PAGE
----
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Chris Fielder September 9, 2021 4 min read

How to Approach Open Enrollment This Year

Last year open enrollment was unlike any year before it. Employees had to make benefits decisions in a time of uncertainty—their health, their finances, the political landscape, and social unrest. Meanwhile, many HR professionals orchestrated a 100% virtual open enrollment for the first time.

Now, COVID-19 vaccines are available to all adults, and many of them, but not all, are inoculated (here are some tips for talking with the stragglers). We’ve seen many organizations move toward a hybrid work model—sometimes working from home, sometimes working on-site in an office. 

This year’s enrollment season may be less ominous, but it’s just as nebulous. We don’t know yet how, or for how long, the coastal exodus, mass transition to remote work, service-level labor shortages, or the Great Resignation will affect workplaces. Nor have we determined the degree to which COVID-19 variants like Delta and Lambda should scare us. And employees who expect to return to their offices don’t know when, how, or to what extent they’ll be allowed to. How are organizations supposed to make the transition smoother when nothing about the past 18 months has been easy? 

These are big questions with bigger answers. But you can take comfort that many elements of open enrollment are the same as ever. For example, it’s always important that employees review their options every year and feel comfortable asking questions when they arise. And you’ll still want to promote underutilized benefits.

Our advice: Don’t grapple with those enormous questions during enrollment. Instead, put yourself in your employees’ shoes, and use the pandemic as a lens. Here are some suggestions:

Are your employees still scared? The answer will change the tone of your campaign. Last year our open enrollment campaign theme for one technology company was “We got you,” invoking togetherness, camaraderie, and care. This message was a great rebuttal to last year’s chaos. But it would lose some power this year if your employees were conducting business as usual, or if your organization is already back in the office full time.

What else is happening in your employees’ lives? Your organization is competing for your employees’ attention. People are feeling the strain after more than 18 stressful months. Maybe your people are trying to cram in a few extra doctor appointments before the end of the year. Families are readjusting to in-person schooling. And the holiday season is right around the corner! Make your campaign impossible to miss—especially if your organization is changing benefits in a big way.

Have you communicated all changes? COVID-19 relief laws have changed benefits, even if your organization hasn’t made any changes. For instance, the CARES Act permitted HRA, HSA, and health care FSA participants to submit over-the-counter prescriptions and some menstrual care products for reimbursement. Other provisions of the CARES Act are expiring. Since it was signed into law on March 27, 2020, this may be your first enrollment to communicate which changes are staying and which aren’t.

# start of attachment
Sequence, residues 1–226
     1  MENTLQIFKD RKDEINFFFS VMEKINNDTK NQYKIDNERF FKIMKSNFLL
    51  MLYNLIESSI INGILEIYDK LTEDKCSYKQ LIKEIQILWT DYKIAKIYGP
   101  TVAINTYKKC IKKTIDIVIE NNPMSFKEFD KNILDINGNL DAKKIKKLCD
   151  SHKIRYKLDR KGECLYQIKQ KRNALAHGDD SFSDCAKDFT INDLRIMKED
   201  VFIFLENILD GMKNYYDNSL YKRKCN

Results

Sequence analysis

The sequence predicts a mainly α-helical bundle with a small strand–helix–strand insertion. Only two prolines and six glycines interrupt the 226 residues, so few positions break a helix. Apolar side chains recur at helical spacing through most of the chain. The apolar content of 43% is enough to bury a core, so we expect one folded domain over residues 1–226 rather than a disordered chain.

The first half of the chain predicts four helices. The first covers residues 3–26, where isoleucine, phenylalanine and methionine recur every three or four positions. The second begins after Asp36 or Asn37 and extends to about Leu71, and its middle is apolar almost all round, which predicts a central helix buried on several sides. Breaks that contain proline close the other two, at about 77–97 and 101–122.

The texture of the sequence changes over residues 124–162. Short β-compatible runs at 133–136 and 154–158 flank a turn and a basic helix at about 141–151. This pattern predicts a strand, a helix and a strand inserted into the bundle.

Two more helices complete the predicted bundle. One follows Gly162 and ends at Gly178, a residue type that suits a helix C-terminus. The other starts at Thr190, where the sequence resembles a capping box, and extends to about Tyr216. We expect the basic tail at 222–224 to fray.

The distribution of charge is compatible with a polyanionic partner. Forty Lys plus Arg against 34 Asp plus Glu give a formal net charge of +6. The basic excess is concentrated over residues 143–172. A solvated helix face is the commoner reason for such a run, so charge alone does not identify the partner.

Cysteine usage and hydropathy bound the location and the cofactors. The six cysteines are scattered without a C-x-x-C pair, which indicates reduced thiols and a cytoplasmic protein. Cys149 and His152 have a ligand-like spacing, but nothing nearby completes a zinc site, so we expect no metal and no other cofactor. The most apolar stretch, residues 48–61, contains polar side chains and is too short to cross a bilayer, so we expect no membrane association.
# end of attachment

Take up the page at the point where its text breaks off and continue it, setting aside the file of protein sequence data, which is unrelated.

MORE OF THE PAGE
5 Things to Remember for Every Enrollment Campaign

Resist the kitchen-sink approach, where you talk about all the benefits available to your people year-round. Instead, keep your OE messages focused on what people need to act on during enrollment.”
Phil Wolf, VP, Senior Communications Consultant

Encourage your employees to run the numbers for themselves. Assumptions such as ‘high-deductible plans are for healthy people who use very little health care’ just aren’t true—these plans can work for all types of employees, especially if your company provides HSA funding with an HDHP. Providing a comparison tool to help employees see what their costs are under each medical option can be eye-opening. If you don’t have time to build an online tool, you can tell them how to do their own paper-and-pencil calculation.”
Colleen Magee, Senior Communications Consultant

Don’t shy away from bad news. Use it as an opportunity to explain how benefit costs affect your organization.”
Ettore Toppi, Senior Communications Consultant

Plan ahead as much as possible—even if you don’t have all your plan design changes finalized. Identify areas that could fluctuate or change as OE approaches and fill in those missing pieces along the way.”
Megan Yost, SVP, Communications Consultant and Engagement Strategist

Stick to the facts. People are inundated with communications, so be clear, brief, and direct to engage and persuade.”
Jillian Medoff, Senior Consultant


Open enrollment is the perfect time to reintroduce your employees to their benefits. In this uncertain climate, a closer look could be exactly what they need.

We're proud to work with organizations that value their people. If you want to learn more, we’d love to talk.


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Chris Fielder

Chris Fielder, Staff Writer, has been with Segal Benz since 2019, working with private sector employers, public sector entities, and multiemployer trust funds.